Well first a larger company is likely to distinguish between a 'designer', a 'developer', and a 'programmer' and sometimes in other ways. Sure every member of the team has skills that cross areas, but when working with companies that are large enough to have a web department, its often the case they want people who specialize a little in one area or another. Some smaller businesses have just a tech guy to do everything, probably also related to hardware and so on.
I think to get a job you should be familiar with these concepts
- Creating valid markup
- Working with the code directly and understanding browser nuances
- At least a working understanding of some programming language beyond html/css
Some companies won't know what this means, but many are starting to wake up. They know that web design is evolving from its roots, so you need to be up to speed at least enough to convince them you can keep up.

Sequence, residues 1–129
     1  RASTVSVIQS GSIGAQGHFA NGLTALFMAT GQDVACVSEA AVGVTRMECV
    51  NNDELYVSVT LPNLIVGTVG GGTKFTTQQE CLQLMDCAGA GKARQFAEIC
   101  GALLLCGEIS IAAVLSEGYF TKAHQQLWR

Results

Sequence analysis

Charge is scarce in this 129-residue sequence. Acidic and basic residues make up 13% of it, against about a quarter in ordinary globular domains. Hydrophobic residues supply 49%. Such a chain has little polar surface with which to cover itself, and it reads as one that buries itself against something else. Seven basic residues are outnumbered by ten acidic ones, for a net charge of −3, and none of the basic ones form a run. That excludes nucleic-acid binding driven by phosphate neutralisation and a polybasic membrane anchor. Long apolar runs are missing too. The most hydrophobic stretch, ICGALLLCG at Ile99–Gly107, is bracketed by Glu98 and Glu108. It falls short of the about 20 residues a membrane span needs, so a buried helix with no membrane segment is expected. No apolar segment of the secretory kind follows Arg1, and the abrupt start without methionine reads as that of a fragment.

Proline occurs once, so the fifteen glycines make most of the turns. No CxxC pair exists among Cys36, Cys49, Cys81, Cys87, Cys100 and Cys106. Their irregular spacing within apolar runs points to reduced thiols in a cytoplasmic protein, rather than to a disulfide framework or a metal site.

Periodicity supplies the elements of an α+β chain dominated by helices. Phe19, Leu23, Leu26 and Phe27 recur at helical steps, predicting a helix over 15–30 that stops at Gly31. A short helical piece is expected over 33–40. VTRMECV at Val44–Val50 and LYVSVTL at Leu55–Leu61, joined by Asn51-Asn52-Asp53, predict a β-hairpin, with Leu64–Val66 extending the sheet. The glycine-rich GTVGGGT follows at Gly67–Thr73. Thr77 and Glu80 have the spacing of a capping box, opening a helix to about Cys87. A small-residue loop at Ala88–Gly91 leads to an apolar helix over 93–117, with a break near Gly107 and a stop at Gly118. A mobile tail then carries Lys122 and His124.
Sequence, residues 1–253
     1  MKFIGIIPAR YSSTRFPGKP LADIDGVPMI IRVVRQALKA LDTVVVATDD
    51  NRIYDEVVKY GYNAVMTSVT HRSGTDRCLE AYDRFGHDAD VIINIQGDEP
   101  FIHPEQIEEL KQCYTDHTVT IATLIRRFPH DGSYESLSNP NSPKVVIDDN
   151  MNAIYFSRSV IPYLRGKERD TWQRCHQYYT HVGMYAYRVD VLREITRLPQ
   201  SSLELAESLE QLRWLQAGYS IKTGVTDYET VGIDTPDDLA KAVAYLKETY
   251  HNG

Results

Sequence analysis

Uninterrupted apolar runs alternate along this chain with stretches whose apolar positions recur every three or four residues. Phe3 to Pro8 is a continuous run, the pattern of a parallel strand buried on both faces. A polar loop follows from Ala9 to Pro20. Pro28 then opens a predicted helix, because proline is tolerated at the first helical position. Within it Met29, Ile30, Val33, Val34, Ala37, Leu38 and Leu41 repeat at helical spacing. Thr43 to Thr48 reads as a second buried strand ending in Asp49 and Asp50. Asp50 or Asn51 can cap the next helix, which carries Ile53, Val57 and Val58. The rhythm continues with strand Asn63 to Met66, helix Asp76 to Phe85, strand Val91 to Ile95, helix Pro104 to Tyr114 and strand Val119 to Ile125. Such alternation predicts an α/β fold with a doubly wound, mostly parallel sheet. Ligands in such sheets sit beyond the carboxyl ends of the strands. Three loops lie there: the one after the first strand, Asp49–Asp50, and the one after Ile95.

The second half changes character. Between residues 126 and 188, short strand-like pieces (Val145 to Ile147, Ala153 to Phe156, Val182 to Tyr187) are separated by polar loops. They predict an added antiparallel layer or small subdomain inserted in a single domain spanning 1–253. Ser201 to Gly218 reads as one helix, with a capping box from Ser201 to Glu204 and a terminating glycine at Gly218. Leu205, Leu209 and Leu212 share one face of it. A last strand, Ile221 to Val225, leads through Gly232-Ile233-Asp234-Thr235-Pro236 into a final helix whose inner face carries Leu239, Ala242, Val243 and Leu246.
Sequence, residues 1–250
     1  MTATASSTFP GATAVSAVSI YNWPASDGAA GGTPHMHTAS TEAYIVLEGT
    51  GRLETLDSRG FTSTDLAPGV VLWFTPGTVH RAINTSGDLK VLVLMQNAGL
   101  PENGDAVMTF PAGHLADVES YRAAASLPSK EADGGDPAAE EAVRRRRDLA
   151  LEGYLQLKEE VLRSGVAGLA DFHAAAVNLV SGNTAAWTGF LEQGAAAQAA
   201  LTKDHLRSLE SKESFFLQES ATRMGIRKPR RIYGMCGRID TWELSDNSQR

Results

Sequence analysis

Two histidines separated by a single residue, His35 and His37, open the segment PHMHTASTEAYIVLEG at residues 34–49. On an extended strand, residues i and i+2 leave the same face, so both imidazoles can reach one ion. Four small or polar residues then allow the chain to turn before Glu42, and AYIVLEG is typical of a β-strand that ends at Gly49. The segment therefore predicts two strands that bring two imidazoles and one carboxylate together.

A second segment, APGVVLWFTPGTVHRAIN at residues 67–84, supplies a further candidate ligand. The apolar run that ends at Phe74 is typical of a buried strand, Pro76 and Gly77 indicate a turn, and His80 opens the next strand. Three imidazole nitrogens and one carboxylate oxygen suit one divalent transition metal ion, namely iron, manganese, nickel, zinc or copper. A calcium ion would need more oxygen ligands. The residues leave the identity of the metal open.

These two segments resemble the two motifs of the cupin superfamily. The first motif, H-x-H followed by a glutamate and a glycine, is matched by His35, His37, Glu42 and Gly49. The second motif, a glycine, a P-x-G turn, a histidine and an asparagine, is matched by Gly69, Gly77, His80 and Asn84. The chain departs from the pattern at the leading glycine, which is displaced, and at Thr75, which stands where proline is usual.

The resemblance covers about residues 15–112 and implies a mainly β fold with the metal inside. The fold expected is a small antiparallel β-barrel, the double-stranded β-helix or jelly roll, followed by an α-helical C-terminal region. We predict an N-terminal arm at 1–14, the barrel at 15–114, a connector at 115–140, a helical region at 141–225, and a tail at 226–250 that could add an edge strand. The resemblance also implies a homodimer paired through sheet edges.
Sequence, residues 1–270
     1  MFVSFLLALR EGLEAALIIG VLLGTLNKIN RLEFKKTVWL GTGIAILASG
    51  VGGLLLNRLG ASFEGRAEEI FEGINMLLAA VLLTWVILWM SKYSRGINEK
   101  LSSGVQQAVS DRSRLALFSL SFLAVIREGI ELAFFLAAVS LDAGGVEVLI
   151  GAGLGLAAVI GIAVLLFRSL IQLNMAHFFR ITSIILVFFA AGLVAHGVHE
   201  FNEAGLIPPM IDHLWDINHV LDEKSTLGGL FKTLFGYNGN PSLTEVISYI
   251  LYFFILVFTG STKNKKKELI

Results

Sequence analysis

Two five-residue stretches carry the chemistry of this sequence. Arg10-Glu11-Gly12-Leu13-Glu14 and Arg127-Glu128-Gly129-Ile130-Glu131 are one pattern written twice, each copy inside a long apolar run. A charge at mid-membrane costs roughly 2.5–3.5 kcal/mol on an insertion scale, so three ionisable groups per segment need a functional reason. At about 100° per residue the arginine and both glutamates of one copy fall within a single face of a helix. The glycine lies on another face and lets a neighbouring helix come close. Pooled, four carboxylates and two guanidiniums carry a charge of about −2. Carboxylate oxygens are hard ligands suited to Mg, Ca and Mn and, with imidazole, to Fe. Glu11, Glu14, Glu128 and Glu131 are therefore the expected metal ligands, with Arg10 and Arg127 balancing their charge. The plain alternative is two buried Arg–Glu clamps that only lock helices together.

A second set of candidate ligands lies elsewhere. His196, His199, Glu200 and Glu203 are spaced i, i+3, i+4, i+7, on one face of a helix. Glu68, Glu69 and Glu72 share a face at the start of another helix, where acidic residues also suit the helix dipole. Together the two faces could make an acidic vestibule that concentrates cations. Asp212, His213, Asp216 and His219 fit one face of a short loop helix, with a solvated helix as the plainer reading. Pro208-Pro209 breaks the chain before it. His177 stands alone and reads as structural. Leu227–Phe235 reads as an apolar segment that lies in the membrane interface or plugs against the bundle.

If you want to do graphics, I think that is a lot harder to break into without more experience. If you want to do coding, it sounds like you are more along those lines, then it might be a little easier since often code works or doesn't work, where as graphics have to have a certain appeal. I don't think you are a programmer, so I don't suggest going after one of those spots.
Here is what I'd do. If you are serious about going after a (good) job in web development, then you should first make a portfolio. If you need some sites, then find some non-for-profits to volunteer for. It sounds like you want to work for a company, so you need to look at some job ads and see what they want. Usually they list a lot of stuff, and its not normal for one person to be perfect at all of the skills. It does show you a list of things you should at least be familiar with and competent enough to use at least a little bit.
Otherwise, you just have to try. I've never worked at a company, but I freelance. So my experience is a little from the outside, but I've worked with dev teams and this is my understanding of them (at least of larger ones).
jeremy - gnomeontherun
Educated questions often get educated answers, and simple questions often get simple answers.